The Fate of Eloquence in the Age of Hume. By Adam Potkay. [REVIEW]Richard H. Dees - 1996 - Modern Schoolman 73 (2):191-193.
  30.  6
    Of Socinians and Homosexuals: Trust and the Limits of Toleration.Richard H. Dees - 2008 - In Russel Hardin, Ingrid Crepell & Stephen Macedo (eds.), Toleration on Trial. Lexington Books. pp. 85.
  31.  8
    Review of Michael Slote, Essays on the History of Ethics[REVIEW]Richard H. Dees - 2010 - Notre Dame Philosophical Reviews 2010 (7).
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  32.  4
    Keeping Hope Alive (A Commentary on Elshtain).Richard Dees - 2001 - Modern Schoolman 78 (2-3):179-187.
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  33.  1
    The Warm Courage of National Unity.Richard H. Dees - 2006 - The Philosophers' Magazine 34:65-68.
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  34.  1
    Essays on Henry Sidgwick.Richard Dees - 1994 - History of European Ideas 18 (1):119-120.
  35. Adam Potkay. The Fate of Eloquence in the Age of Hume. [REVIEW]Richard H. Dees - 1996 - Modern Schoolman 73 (2):191-193.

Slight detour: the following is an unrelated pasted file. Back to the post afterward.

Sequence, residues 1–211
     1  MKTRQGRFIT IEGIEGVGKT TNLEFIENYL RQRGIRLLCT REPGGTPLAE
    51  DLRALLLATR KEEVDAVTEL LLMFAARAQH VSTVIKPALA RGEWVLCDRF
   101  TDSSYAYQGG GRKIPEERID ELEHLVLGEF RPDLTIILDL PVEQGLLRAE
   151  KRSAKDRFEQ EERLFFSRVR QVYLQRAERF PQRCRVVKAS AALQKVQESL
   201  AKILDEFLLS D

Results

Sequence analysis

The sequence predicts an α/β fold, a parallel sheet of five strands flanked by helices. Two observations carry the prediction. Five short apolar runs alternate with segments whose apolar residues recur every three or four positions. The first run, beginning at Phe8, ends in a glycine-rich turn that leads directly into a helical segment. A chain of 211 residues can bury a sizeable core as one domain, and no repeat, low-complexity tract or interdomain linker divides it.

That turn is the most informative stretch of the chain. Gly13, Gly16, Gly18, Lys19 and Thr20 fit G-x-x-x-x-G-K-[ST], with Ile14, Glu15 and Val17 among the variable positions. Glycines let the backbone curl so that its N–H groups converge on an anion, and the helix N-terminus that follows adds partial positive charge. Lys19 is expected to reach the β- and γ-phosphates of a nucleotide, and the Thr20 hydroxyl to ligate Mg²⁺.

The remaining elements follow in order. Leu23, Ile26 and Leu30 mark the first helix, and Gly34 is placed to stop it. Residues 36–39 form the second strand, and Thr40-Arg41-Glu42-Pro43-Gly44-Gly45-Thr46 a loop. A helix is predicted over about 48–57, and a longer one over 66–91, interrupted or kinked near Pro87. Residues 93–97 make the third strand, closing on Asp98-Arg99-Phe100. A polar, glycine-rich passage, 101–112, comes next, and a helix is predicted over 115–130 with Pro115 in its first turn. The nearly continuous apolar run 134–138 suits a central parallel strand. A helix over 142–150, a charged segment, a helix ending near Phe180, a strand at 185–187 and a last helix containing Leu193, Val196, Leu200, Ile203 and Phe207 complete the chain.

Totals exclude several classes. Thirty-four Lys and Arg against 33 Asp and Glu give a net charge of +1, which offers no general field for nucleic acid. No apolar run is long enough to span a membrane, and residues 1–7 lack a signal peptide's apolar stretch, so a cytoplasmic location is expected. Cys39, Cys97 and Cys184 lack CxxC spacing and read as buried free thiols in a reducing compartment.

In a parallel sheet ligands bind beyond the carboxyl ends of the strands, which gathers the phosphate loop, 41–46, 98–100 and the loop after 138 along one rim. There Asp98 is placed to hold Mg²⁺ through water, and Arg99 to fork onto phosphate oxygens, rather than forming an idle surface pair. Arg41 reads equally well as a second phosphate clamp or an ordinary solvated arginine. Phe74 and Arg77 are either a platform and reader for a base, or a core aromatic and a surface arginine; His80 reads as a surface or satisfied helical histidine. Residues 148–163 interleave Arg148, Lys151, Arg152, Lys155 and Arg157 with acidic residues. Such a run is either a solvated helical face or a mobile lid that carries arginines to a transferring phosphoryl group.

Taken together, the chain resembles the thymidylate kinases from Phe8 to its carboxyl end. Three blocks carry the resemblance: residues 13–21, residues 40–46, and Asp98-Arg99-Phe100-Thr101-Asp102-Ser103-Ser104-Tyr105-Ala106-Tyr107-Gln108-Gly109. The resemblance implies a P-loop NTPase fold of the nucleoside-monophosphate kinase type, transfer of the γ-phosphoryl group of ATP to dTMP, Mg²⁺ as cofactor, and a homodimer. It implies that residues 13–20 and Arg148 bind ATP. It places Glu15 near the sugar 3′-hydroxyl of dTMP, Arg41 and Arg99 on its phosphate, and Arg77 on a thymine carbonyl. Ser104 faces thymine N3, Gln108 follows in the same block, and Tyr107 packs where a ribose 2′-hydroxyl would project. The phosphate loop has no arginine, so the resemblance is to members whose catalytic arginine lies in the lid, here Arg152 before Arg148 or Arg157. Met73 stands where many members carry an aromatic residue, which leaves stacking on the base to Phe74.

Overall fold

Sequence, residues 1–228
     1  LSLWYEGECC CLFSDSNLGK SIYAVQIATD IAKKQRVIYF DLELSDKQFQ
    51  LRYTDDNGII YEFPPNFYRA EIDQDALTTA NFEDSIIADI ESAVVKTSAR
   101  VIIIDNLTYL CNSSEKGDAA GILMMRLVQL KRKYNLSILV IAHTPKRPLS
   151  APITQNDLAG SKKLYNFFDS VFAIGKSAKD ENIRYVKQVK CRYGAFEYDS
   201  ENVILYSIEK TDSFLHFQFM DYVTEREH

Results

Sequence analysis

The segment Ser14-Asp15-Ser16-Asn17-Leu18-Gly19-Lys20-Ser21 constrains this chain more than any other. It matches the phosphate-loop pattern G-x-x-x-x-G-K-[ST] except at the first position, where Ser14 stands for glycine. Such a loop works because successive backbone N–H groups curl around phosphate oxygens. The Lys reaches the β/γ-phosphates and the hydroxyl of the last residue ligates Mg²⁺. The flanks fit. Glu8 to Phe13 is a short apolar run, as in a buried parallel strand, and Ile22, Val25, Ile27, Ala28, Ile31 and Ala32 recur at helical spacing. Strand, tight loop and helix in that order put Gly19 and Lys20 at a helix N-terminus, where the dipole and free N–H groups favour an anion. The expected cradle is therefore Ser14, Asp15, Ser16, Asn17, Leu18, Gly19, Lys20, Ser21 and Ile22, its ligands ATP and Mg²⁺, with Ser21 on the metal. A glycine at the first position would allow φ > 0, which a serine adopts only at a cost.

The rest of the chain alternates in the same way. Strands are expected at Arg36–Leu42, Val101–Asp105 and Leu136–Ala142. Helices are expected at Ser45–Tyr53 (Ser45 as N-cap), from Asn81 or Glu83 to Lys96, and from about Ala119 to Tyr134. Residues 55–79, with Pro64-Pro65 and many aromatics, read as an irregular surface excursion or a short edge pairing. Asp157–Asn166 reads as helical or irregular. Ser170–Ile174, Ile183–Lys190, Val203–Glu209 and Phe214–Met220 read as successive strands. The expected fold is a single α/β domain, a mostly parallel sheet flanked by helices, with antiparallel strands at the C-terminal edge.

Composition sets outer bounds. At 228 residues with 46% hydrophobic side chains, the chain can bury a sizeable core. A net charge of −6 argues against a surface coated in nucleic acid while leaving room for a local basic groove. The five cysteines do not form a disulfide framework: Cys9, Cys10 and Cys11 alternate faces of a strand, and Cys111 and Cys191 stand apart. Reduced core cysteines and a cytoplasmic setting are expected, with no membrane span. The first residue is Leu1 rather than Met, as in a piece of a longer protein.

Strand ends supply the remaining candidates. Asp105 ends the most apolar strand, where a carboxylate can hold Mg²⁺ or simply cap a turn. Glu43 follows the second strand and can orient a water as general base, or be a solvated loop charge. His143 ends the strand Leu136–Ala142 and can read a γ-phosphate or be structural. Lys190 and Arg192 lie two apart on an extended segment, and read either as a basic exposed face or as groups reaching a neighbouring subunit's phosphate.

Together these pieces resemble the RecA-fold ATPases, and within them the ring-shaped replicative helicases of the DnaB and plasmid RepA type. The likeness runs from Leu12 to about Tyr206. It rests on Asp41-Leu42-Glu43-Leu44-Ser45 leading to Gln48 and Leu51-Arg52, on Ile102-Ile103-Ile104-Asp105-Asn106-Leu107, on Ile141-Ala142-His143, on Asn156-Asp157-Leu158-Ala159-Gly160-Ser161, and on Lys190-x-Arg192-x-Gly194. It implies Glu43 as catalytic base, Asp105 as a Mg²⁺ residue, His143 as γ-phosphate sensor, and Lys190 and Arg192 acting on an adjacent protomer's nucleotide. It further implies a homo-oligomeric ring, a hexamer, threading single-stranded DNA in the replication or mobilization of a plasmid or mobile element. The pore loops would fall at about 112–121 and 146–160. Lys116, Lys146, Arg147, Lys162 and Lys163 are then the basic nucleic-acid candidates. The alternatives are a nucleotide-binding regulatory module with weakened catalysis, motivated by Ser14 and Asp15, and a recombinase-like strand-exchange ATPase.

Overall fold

36. Details, Details: "Ulysses," Politics, and the Contexts of Meaning.Richard H. Dees - 1993 - Modern Schoolman 70 (4):289-304.
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  37. Keeping Hope Alive.Richard Dees - 2001 - Modern Schoolman 78 (2/3):179-187.
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  38. Dharma and GospelInterreligious DialogueChristianity and the Religions of the World.Winston L. King, G. W. Houston & Richard W. Rousseau - 1987 - Buddhist-Christian Studies 7:245.
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  39.  17
    Review Symposium. Richard Rorty, Contingency, Irony, and Solidarity, Cambridge: Cambridge University Press, 1989,? 25.00, Paper? 7.95, XVI+ 201 Pp. [REVIEW]Rorty Richard - 1990 - History of the Human Sciences 3 (1):101-122.
  40. Richard M., Apo; fwnh'.M. Richard - 1950 - Byzantion 20:191-222.
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  41.  11
    A Response to Richard H. Dees and Anna Elisabetta Galeotti.George Klosko - 2008 - In Russel Hardin, Ingrid Crepell & Stephen Macedo (eds.), Toleration on Trial. Lexington Books. pp. 135.
  42.  8
    Commentary: Liberal Toleration, Recognition, and Same-Sex Marriage: A Response to Richard H. Dees and Anna.Elisabetta Galeotti & George Klosko - 2008 - In Russel Hardin, Ingrid Crepell & Stephen Macedo (eds.), Toleration on Trial. Lexington Books. pp. 135.
  43.  29
    Richard Rorty: An Annotated Bibliography of Secondary Literature.Richard Rumana (ed.) - 2002 - Rodopi.